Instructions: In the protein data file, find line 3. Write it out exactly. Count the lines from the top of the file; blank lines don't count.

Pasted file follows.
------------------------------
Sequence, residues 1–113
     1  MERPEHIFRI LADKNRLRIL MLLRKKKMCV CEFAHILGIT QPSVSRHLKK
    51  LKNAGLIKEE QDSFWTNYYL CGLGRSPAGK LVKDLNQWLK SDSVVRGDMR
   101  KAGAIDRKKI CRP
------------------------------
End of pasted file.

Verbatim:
    51  LKNAGLIKEE QDSFWTNYYL CGLGRSPAGK LVKDLNQWLK SDSVVRGDMR